The covenant with which the writer is contrasting the “better covenant” of Jesus is the Mosaic covenant, established at Sinai.
Fundamentally, it was a conditional covenant. If Israel obeyed, then God would bless the Jewish nation.They would be His people and He their God. But if they disobeyed, they would be guilty of breaching the covenant and the relationship would come to an end. And this, of course, they did, and God, true to His word, brought judgement upon them (see Matthew 24; Revelation).
But the “better covenant”” of which Jesus is the Mediator, is “established upon better promises”—that is, the promise of unconditional acceptance because of the full acceptance by the Father of the Son. With Christ as our seated High Priest in heaven, we have the promise that we can draw near to God.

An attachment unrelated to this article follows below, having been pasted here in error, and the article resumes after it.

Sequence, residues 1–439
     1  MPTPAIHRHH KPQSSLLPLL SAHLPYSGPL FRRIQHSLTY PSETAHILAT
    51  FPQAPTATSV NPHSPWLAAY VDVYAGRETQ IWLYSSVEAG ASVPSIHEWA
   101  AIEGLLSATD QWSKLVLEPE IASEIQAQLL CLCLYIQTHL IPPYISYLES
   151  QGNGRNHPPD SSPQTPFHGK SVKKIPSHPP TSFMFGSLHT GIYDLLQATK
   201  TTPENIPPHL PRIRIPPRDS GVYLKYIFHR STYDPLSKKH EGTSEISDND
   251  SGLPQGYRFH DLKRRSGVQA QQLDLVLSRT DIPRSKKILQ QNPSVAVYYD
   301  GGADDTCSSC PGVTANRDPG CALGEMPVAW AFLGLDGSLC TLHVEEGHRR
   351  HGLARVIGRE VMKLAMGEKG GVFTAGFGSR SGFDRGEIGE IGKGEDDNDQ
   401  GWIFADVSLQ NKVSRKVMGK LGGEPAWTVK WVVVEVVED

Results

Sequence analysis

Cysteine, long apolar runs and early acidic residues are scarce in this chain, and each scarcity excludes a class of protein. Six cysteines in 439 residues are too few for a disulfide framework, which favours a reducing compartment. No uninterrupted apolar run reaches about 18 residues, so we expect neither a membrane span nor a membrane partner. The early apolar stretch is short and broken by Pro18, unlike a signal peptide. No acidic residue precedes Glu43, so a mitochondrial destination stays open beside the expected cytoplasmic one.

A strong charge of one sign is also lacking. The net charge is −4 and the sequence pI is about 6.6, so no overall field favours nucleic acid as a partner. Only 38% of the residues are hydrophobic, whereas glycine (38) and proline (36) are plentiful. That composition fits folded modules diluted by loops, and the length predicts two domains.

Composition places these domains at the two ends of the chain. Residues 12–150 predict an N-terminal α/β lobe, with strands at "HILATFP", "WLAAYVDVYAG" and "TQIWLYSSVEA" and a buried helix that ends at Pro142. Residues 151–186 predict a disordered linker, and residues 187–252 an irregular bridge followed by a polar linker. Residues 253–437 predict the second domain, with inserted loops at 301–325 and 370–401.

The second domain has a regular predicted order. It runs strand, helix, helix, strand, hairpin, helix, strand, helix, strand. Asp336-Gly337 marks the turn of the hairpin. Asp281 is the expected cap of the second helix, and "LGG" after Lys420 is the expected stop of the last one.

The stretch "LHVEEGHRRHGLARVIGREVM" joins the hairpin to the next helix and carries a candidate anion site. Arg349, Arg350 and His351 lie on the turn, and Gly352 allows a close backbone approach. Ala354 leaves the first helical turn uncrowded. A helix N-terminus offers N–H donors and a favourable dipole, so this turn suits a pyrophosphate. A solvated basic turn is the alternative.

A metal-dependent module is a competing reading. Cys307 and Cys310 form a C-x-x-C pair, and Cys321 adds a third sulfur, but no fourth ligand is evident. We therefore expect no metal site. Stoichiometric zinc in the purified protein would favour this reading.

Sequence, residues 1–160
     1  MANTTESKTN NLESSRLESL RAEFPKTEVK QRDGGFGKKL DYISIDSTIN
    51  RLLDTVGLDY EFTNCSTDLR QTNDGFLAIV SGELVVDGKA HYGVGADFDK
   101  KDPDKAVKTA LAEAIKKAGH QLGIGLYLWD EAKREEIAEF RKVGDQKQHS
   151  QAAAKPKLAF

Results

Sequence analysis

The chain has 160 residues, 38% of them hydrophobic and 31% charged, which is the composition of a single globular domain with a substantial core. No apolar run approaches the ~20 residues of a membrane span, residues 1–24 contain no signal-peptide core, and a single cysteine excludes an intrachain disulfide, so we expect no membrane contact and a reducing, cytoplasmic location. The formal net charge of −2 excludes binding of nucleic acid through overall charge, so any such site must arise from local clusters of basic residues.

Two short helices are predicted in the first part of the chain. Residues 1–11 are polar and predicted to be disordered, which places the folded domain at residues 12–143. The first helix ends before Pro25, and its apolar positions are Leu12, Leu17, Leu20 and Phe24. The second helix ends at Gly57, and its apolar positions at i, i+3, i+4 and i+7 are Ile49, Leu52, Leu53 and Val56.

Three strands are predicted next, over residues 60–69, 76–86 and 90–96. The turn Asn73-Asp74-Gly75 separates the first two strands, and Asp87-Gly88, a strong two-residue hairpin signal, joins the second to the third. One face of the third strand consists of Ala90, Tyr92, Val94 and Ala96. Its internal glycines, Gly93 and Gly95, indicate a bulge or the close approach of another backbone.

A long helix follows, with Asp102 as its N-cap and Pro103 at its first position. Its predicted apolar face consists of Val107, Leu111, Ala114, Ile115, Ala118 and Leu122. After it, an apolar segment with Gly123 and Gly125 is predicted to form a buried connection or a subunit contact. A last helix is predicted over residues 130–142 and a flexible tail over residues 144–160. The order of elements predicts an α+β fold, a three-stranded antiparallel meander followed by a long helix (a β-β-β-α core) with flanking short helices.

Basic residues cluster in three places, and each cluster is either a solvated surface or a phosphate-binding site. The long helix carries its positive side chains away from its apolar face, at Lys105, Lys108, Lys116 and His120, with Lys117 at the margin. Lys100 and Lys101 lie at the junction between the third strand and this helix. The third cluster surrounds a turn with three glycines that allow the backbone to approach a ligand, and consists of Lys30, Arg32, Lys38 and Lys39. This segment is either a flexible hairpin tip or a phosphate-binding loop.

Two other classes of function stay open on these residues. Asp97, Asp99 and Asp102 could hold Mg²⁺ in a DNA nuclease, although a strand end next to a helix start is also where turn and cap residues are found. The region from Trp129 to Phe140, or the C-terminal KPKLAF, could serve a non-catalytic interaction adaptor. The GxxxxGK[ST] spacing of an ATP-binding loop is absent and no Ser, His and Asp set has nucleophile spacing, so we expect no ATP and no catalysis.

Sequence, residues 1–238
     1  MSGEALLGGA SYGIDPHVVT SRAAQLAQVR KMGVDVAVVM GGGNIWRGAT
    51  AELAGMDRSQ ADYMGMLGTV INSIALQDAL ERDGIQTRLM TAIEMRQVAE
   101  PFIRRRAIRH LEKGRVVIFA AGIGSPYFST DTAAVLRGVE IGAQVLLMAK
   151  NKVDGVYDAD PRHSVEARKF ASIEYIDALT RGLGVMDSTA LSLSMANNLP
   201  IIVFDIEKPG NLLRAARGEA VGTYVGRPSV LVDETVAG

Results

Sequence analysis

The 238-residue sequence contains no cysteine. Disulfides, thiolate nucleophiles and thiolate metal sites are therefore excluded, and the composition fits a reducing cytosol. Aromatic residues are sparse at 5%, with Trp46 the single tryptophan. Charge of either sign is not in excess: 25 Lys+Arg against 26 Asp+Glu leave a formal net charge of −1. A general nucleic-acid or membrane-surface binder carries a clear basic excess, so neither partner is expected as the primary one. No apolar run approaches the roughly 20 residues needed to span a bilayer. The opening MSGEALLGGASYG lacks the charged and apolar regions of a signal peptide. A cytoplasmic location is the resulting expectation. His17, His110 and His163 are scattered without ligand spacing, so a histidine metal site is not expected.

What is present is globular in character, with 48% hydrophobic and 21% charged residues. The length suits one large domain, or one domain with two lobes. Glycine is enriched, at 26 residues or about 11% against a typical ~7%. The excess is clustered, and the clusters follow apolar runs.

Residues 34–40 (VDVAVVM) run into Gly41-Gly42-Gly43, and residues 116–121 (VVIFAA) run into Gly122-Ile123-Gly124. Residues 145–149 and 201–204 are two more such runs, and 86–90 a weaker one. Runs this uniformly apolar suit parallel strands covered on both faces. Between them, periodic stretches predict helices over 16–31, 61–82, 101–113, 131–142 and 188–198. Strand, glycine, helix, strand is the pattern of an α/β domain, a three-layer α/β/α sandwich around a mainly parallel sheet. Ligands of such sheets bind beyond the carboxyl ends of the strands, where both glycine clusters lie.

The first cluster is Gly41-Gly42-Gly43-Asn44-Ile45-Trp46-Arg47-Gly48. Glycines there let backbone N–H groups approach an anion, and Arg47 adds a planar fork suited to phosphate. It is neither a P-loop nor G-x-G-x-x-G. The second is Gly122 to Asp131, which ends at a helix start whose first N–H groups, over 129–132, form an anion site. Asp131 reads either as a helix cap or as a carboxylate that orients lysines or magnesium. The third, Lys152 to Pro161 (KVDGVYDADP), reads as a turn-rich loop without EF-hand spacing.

Further, as the remainder of the chapter reveals, we have the power to keep the law of God and to overcome sin.
It is for this reason that He has “a more excellent ministry” than any earthly priestly ministry could ever even imagine. Yes, Jesus is far superior to the mere shadows that pointed to Him.
Jesus is a Superior Saviour
Verses 7–13 reveal that Jesus is a superior Saviour. That, my friend, is the main thing.
For if that first covenant had been faultless, then no place would have been sought for a second. Because finding fault with them, He says: “Behold, the days are coming, says the Lord, when I will make a new covenant with the house of Israel and with the house of Judah—not according to the covenant that I made with their fathers in the day when I took them by the hand to lead them out of the land of Egypt; because they did not continue in My covenant, and I disregarded them, says the Lord. For this is the covenant that I will make with the house of Israel after those days, says the Lord: I will put My laws in their mind and write them on their hearts; and I will be their God, and they shall be My people. None of them shall teach his neighbour, and none his brother, saying, ‘Know the Lord,’ for all shall know Me, from the least of them to the greatest of them. For I will be merciful to their unrighteousness, and their sins and their lawless deeds I will remember no more.”